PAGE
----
Well, I’m grateful for this passage today, because it gives me the opportunity to talk about the subject of words. And words are one of the many things that fascinate me! The tongue is a small member of the body, but with it we can form words, and words can be powerful things. Our words, and how we use them, can define our entire personality, cant they? Think about how many job descriptions have, as a requirement for the job, “Good language skills.”

James tells us about the importance of our words. And in this passage, he starts out kind of strong. “The tongue is a fire,” he tells us. “The tongue is an unrighteous world among our members, staining the whole body, setting on fire the cycle of nature, and set on fire by hell.” Those are pretty strong words, aren’t they? Well, I think James is using strong words to tell us that the tongue our words have great potential! They are indeed powerful! And it doesn’t matter how important we think we are.

That’s what I want us to think about today. Our words are powerful! And words can do many things. They can be inspirational. They can instruct. They can be uplifting. But they can also be destructive and degrading. James tells us that. He says, “No human can tame the tongue. With it we bless the Lord and Father, and with it we curse men who are made in the likeness of God.”

Sometimes we think our words are not all that important. We think they’re just sounds that pop out of our faces. But James would tell us thats wrong. No matter who we are, our words are important. What we say, or what we don’t say, defines our character, and it affects other peoples lives!

James says, “From the same mouth come blessing and cursing. My brethren, this ought not to be so. Does a spring pour forth both fresh water and brackish? Can a fig tree yield olives, or a grapevine figs?” He’s telling us that our words need to be consistent with who we are. And what makes the difference in that consistency? It has to do with where our words come from. He tells us that the difference is if you have bitter jealousy and selfish ambition (Where?) in your hearts

Thats it, isn’t it? James is telling us that our words come from whats in our hearts. If you think about it, our words are glimpses into our hearts. If our heart is generous, gracious, and edifying, our words reflect that. If our hearts are self-centered, malicious, and cruel, our words will reflect that as well.

James is right on here, isn’t he? And actually he’s quoting the words of Jesus! In Luke 6, Jesus says, “For each tree is known by its fruit. For figs are not gathered from thorns, nor grapes from a bramble bush. For the good man, out of the good treasure of his heart, produces good, and the evil man out of his evil treasure, produces evil. For out of the abundance of the heart his mouth speaks!” (Luke 6:44-45)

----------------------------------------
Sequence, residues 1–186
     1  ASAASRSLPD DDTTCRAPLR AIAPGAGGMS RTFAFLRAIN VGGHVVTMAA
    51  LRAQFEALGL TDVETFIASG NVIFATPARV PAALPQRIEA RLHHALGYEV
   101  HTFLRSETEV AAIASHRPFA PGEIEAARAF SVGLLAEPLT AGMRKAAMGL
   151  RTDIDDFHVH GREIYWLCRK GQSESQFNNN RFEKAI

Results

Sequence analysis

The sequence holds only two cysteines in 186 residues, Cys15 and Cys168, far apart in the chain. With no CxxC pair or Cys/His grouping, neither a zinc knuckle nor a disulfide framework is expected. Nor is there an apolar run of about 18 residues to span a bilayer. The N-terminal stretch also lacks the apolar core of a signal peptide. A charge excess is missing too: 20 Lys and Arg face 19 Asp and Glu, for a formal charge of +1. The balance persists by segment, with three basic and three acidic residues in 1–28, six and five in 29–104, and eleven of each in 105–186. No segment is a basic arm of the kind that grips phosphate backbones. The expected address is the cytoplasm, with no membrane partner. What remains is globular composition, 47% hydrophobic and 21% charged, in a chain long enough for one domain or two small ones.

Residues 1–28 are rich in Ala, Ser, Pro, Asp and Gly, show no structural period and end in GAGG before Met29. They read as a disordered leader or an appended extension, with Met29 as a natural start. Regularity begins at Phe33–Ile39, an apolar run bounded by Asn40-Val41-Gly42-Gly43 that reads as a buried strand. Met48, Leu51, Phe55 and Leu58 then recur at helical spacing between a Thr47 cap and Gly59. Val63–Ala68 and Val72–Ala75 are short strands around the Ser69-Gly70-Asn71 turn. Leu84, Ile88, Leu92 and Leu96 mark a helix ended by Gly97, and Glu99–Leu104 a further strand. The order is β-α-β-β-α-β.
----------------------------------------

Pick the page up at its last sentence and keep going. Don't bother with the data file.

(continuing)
Thats it, isn’t it? Words do come from the heart! They do reflect whats deep inside us! When we used bad language as kids, our parents told us we’d better clean up our mouths. (Mine did, anyway!) But James (and Jesus) is telling us that the real trick is not so much cleaning up our mouths as it is cleaning up our hearts!

The psalmist told us that centuries before either Jesus or James. He wrote, “How can a man keep his way pure? By guiding it according to thy word. With my whole (what?) heart I seek thee. I have hidden thy word in my heart, that I might not sin against thee.” (Psalm 119:9-11) Our words matter. And the psalmist knew way back then, that words come from the state of our heart.

There was an old credit card commercial on TV that would ask, “What’s in your wallet?” Well, I think James would ask, “What’s in your Heart?” Let that be our catch phrase. “What’s in your heart?” Because it’s what’s in our heart that counts! Last week we sang “Open the eyes of my heart, Lord. I want to see you.” Let that be our prayer. And let us pray with the psalmist, “Create in me a clean heart, O Lord, and renew a right spirit within me.”

Let us strive to hear the voice of God in our hearts every day! And whatever we do or say, let it come from a heart that has been made new through the grace and love of Jesus Christ. And to him be the glory in the Church, now and forever, Amen.

Prayer

Eternal God, help us to know that we are yours. Help us to feel your spirit working in our hearts. Teach us to guard our hearts so that what we do and what we say may give glory and honor to you. For this we pray in Jesus’ name, Amen.

Posted in Sermons